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FactCheck Mailbag, Week of March 1-7

This week, readers continued to lambaste us over Social Security, and one sent a comment on New Jersey Gov. Chris Christie.

In the FactCheck Mailbag, we feature some of the e-mail we receive. Readers can send comments to editor@factcheck.org. Letters may be edited for length.

Social Security Spin

I read this ["Democrats Deny Social Security’s Red Ink," Feb. 25] because a friend pointed it out. In the past I have found FactCheck.org to be fairly neutral in its presentation of "the truth." This time you seem to have added your own spin. Based on your logic, it is just as correct to say that everyone who owns a Treasury bill is contributing to the deficit or that everyone who gets an income tax refund is contributing to the deficit. While there may be some technical truth in this comparison, it doesn’t pass the smell test. Frankly, I’m shocked at your failure to reconcile the apparently contradictory statements on the Social Security issue. I expect you to shine light on issues and not just add heat.

Paul Heller
Farmers Branch, Texas

OK, your critics got it almost right. They got it wrong on one point, and some got it wrong on a second. And FactCheck should have gotten it right on both, especially having an opportunity to correct it all.

The Social Security Trust Fund was not raided; the special Treasury notes were not a way to cover up government spending. All Social Security surpluses have been required by law to be invested in Treasury notes from the very beginning. This isn’t a raid; did anyone really think they were going to put the money into a vault somewhere and sit on it? If they did, why would it draw any interest at all? The "Lock Box" was the dumb idea.

The other point some got wrong is the notion that the current problem is due to fiscally irresponsible spending in the past. Look at the debt as a percentage of the GDP, otherwise known as the debt burden. From WWII till 1980 that burden went down from 122% of GDP to 33% of GDP. Under Reagan it started up again. Under Clinton it went down some, but under Bush II it started up again, until Obama inherited a national debt pushing 90% of GDP. Note this is total debt, not just debt owned by the public. It all has to be paid back sooner or later. Note that the entire increase in the post-WWII debt burden was accumulated under three anti-tax Republican presidents. That was the fiscal irresponsible time, not under any other presidents.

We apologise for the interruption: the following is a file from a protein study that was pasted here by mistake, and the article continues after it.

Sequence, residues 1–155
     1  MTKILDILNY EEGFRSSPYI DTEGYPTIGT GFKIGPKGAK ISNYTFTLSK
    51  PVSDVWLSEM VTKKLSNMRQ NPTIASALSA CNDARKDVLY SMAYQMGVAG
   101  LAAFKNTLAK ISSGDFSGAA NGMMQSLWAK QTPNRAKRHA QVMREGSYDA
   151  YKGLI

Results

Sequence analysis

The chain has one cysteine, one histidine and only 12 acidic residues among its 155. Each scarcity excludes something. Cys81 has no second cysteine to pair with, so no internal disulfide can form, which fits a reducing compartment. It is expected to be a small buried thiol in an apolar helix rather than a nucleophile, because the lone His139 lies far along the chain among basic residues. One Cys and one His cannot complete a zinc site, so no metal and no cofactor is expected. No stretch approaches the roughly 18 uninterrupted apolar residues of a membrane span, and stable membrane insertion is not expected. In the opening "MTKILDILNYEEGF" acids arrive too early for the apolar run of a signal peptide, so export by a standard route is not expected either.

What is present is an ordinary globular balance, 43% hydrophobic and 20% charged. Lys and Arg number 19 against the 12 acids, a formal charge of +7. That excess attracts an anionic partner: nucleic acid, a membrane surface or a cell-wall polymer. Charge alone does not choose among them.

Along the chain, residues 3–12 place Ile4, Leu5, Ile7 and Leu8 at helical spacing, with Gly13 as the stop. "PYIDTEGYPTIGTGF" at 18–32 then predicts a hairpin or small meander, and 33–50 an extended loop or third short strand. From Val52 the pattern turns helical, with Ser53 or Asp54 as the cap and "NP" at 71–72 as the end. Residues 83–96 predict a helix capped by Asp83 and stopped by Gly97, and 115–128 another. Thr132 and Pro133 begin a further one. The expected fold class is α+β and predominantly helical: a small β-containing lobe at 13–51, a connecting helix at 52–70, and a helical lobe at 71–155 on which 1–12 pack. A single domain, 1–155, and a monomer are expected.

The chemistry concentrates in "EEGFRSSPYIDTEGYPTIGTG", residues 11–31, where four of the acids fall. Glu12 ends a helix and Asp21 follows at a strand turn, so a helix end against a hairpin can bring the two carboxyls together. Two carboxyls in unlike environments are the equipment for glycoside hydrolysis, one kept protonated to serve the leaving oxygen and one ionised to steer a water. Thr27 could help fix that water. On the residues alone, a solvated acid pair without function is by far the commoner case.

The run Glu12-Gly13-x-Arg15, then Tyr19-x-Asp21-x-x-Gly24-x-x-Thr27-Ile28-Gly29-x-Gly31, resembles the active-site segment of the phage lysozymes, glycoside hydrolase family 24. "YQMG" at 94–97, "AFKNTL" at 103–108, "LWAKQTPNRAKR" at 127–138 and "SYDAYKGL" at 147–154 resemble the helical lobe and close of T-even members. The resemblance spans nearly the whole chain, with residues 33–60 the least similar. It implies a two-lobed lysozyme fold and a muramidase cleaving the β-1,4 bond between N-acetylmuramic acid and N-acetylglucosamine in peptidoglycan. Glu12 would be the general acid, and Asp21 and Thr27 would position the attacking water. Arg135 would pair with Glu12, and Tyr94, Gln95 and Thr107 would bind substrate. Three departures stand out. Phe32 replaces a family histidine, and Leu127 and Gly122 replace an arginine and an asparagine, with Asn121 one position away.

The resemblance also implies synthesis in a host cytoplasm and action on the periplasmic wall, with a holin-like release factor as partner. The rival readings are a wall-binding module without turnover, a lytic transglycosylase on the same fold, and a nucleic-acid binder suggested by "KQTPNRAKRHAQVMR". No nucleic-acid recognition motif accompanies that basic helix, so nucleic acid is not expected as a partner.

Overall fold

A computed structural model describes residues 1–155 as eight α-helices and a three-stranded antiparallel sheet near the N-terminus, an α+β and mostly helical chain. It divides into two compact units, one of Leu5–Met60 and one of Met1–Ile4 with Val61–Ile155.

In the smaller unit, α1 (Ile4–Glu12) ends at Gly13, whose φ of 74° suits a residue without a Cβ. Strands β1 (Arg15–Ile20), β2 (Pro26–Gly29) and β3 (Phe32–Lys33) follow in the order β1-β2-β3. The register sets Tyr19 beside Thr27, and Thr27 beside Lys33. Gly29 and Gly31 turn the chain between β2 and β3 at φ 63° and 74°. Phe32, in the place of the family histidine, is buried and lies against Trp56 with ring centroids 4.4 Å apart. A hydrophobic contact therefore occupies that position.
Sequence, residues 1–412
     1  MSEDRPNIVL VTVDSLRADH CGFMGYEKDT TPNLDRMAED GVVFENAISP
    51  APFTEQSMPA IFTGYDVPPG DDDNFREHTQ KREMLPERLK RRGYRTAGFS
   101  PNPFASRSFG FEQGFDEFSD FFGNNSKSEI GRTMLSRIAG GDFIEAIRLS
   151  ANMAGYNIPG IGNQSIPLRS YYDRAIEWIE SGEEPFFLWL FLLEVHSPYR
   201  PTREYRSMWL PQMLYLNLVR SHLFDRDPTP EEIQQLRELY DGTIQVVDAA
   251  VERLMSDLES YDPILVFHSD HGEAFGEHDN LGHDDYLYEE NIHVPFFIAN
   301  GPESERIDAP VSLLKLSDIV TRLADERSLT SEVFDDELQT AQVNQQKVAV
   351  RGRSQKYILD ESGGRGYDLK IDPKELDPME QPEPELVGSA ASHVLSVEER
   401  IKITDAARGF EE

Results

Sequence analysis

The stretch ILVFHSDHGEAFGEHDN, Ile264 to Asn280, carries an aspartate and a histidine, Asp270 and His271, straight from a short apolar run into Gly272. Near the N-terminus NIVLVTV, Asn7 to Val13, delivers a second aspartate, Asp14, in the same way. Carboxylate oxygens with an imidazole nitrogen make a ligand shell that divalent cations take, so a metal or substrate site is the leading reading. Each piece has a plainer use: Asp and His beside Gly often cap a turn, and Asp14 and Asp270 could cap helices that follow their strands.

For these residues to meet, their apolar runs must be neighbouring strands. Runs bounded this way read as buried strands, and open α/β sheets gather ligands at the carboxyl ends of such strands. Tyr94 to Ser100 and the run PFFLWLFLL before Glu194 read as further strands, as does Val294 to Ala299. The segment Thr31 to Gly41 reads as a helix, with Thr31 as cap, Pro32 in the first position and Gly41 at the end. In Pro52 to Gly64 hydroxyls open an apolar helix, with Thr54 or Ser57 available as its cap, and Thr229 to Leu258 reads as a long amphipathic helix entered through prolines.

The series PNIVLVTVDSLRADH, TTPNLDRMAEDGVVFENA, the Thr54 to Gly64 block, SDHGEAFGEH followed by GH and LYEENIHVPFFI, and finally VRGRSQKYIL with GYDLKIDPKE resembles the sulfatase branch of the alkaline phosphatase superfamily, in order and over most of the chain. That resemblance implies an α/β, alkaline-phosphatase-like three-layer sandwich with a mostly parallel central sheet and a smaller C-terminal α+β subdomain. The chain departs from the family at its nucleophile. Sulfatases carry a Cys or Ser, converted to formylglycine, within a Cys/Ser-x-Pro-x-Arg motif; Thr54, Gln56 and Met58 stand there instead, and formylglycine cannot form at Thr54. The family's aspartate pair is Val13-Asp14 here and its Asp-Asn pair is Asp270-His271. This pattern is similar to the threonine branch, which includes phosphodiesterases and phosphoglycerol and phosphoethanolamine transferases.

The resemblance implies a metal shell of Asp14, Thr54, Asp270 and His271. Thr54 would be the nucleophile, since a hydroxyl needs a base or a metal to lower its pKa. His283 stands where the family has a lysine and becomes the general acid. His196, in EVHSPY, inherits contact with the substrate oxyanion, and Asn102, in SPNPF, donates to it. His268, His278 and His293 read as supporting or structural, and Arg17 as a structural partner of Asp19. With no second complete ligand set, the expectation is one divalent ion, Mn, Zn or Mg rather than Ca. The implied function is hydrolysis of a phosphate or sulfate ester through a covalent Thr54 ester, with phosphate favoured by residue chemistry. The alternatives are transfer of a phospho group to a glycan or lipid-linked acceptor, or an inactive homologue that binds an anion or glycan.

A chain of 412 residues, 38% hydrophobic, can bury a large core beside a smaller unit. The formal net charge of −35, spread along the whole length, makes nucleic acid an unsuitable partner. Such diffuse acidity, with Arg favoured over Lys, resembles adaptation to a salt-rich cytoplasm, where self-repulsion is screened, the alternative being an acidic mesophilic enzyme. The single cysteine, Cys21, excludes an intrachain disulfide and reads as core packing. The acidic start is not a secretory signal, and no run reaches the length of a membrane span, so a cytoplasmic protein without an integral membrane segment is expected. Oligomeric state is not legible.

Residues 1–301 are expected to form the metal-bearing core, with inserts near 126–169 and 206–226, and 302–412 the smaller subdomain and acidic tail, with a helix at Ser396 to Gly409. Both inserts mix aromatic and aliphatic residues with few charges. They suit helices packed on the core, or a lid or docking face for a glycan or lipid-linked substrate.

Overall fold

The current problem with financing Social Security is still not because of the high debt burden, but because of high unemployment. Bring unemployment down under 5%, real unemployment not the politically reported low levels, and Social Security becomes sound for a very long time to come.

Jobs are the problem, jobs are the solution.

Robert W. Klahn
Sylvania, Ohio

I am not an economist, nor an accountant, and I have no experience running a business. But I can think, and I just can’t accept your analysis of Social Security. You argue that those who claim that Social Security does not add to the deficit are not telling the truth. I disagree. I think they are exactly right and I think that you are exactly wrong.

If the government had to pay $37 billion to help finance SS, it’s not a subsidy; it is giving money back that was borrowed. If you’re going to say that $37 billion was “drained” from the Treasury and thus added to the deficit, then you have to admit that at the time it was borrowed it poured money into the Treasury and thus reduced the deficit by the exact same amount. It all evens out in the end.

The fact that Social Security is a self-financing system is true, period. It doesn’t require a specious qualification as “in a very narrow, legalistic sense.” To the contrary, it’s your characterization of it as draining from the treasury that is, if anything, a “very narrow, legalistic sense.”